We have sixteen species of milkweed here in Iowa. Some are quite rare and are a special treat to find. Common milkweed, Asclepias syriaca is not rare, and is found in a lot of our degraded habitats. It often grows in large clusters. Common milkweed is in full bloom right now. The flowers are pretty–found in round clusters coming off the stems of the plant. If you get close to them, and especially where a number of plants are concentrated you will detect an intoxicating sweet magical odor from the flowers.
Monarch butterflies use common milkweed as caterpillar host plants, so people often associate milkweeds with monarchs. But milkweed flowers are very attractive to all kinds of butterflies, and to pollinators of all kinds. A photographer who finds common milkweed near any kind of good habitat can have a field day taking closeup pictures.
On the left, hovering next to the flower is a snowberry clearwing moth. A milkweed longhorn beetle can be seen on the stem.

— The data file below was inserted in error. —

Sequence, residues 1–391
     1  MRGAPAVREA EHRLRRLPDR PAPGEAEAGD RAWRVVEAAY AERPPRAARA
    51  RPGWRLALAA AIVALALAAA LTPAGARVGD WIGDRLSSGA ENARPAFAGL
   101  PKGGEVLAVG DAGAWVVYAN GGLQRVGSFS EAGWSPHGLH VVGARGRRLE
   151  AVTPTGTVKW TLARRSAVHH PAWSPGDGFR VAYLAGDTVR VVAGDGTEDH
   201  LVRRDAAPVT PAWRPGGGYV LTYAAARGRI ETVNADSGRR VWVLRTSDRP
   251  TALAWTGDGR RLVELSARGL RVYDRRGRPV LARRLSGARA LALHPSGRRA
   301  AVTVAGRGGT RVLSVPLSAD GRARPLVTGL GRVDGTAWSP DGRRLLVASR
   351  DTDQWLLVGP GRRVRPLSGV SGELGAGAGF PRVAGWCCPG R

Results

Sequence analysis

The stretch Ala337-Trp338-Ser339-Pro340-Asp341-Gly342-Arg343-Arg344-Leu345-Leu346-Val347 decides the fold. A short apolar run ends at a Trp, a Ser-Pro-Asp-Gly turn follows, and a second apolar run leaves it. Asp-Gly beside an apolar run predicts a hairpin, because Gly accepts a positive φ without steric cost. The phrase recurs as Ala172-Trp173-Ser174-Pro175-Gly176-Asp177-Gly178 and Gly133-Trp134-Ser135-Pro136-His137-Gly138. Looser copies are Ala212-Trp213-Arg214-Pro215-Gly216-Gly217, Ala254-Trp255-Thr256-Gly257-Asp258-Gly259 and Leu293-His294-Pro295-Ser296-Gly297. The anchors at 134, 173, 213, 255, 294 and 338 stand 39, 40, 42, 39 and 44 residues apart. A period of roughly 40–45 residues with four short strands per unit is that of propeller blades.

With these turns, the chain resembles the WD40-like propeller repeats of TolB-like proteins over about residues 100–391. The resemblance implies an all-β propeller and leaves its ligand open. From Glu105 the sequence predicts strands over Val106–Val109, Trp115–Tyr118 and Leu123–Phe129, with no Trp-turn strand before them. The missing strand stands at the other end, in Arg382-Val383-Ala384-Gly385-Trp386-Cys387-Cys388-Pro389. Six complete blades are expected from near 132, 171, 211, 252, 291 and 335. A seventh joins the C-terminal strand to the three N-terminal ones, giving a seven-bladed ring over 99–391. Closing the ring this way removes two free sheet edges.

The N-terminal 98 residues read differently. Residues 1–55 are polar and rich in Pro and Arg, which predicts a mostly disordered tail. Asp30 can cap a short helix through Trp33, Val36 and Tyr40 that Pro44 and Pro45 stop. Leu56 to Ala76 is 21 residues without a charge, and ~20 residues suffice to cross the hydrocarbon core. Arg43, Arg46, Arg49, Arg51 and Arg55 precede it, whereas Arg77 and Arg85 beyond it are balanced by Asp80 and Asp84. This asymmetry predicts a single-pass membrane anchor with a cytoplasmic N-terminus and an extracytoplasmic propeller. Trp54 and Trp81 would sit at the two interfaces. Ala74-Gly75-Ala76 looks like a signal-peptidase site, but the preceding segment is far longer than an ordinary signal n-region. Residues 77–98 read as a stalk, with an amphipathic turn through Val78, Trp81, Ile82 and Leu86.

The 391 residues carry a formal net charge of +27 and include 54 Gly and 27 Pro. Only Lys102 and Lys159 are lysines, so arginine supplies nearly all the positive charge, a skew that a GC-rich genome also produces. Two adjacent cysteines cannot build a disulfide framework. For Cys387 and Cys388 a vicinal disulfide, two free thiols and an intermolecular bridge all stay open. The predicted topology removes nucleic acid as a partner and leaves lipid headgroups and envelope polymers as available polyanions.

The two-spotted skipper (the tan butterfly with the white belly) is quite rare here, and was found at a state park in Warren County. The darker one is a dun skipper, I think, although there are at least two other species that are similar enough that it could be one of them.
This bee fly remained in flight the entire time I watched it, although it hovers so well that I could get several photographs.
I don’t see mourning cloaks all that often, and when I see them they are usually not on flowers. This was quite a treat.
For the next week or so you might find me wading in the tall weeds next to the milkweed. If you look close, you will probably also see a goofy grin on my face.